frequently, perhaps you can give us a few examples.

The truth is, it is a very uncommon event.


About as uncommon as monohulls rolling & sinking?


.... I've only heard of a half
dozen in the last 20 years, and half of those were delivery crews or
racers, carrying too much sail. In fact, none happened when laying to a
sea anchor. As someone else mentioned, fatalities are extremely rare.


And usually more related to hypothermia or trauma than
drowning. Still, morbid fear of dying is as unhealthy as any
other neurosis... you can lock yourself in a nice safe
padded room for decades and you'll still die... so you might
as well go & do something interesting!

I might guess that more cruising fatalities are from falling overboard
than from sinking or capsizing. This would imply that the more stable
platform is safer.


Good point, I wonder how the man overboard statistics
compare between mono- & multi-hulls.


There is no doubt that some people don't like the motion of a cat.


I don't my self... and BTW I have know cruising cats that
would spill a drink, contrary to claims that it never
happens. But of course, much much less frequently than on
monohulls.


... A
short, steep chop on the beam can be particularly annoying. The biggest
problem I have is that I end up handsteering in these cases, because a
firm hand on the wheel can make the ride dramatically smoother.

One significant point in these cases is that we're often doing 9 or 10
knots. When I've had a rough ride on a monohull we're often doing half
that speed.


That's because you're on the wrong monohull.

Fresh Breezes- Doug King

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Old January 12th 06, 02:54 PM posted to rec.boats.cruising
Capt. Rob
 
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Default Why do people buy cruising catamarans ?

I find it interesting that this ultimately pragmatic thread has not
touched on the actual sailing experience itself. I've sailed two cats,
a Gemini and PDQ 36. In both cases my wife and I were bored to tears.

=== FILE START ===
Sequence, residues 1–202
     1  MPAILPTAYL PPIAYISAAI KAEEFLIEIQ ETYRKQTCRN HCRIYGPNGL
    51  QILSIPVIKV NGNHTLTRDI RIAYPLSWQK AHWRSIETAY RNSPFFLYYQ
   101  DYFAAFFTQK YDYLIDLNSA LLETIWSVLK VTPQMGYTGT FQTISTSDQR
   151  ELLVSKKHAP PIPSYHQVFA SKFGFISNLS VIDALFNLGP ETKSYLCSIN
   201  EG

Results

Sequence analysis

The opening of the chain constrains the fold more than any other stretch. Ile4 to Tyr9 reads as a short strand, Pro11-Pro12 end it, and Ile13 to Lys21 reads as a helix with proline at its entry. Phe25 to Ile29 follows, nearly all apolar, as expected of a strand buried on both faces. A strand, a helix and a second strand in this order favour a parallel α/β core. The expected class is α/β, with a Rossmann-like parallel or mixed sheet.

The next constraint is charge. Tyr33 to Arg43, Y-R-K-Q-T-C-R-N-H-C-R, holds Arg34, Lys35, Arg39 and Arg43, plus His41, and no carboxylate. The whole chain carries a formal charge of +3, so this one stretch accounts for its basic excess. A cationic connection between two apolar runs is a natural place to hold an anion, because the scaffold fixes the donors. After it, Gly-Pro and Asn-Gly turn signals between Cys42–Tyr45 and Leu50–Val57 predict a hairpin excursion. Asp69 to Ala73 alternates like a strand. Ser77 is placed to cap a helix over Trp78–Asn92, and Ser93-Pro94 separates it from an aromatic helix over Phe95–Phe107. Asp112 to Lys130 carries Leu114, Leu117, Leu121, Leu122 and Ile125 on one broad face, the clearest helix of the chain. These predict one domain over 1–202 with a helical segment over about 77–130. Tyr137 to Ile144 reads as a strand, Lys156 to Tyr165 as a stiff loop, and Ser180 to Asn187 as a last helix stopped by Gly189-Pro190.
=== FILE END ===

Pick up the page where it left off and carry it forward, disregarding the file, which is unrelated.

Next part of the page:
The PDQ was fast off the wind and there was some novelty in that for a
few minutes, but it didn't last. The heeling and motion of a monohul is
part of the romance of sailing for many of us. It feels right, even if
our drinks spill. I think the fellow who posted that while they are
both wind powered, they are too different to truly conpare. No doubt if
I was planning extended cruises with little chance of day and night
sails, a Cat might be the better pick. But for the way most folks sail,
with many daysails and long weekends a mono will be a lot more fun.
Then again, the novelty of heeling and having an exciting ride with the
rail buried can also lose it's charm. My wife and I plan to buy a
larger boat for part-time liveaboard in about 4-5 years and we'll look
at cats again, but I expect we've been spoiled to want the fun factor
more. Maybe our aging bones will change all of that! I do agree that
cats are not attractive, and I'm still young enough (no offense meant
here!) to place that high on my list, though I own a "modern" looking
boat she's still pleasing to my eye.

RB
Beneteau First 35s5 http://hometown.aol.com/bobsprit/index.html
NY

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Old January 12th 06, 03:32 PM posted to rec.boats.cruising
rhys
 
Posts: n/a
Default Why do people buy cruising catamarans ?

On 12 Jan 2006 06:54:22 -0800, "Capt. Rob" wrote:

I find it interesting that this ultimately pragmatic thread has not
touched on the actual sailing experience itself.


I find it refreshing that there's been nothing but good, factual
information here instead of the usual bunfights. A part of that is
that this particular newsgroup is (generally) civil, but another part
is that catamarans have evolved and matured not only as a "technology"
but as an aesthetic choice (never to be sneered at...look at great but
homely cars that don't sell).

Cats are here to stay, and while I question their suitability for
*all* sailing endeavours, they have in some respects many clear
advantages that appeal to a lot of people. Were you to cruise solely
the South Pacific or the Caribbean, for instance, I think the shallow
draft and downwind performance of cats makes them a logical, and in
some cases, nearly inevitable choice.

I am quite willing these days to state that my reluctance to consider
a cat for self-sufficient world-cruising/liveaboard/ocean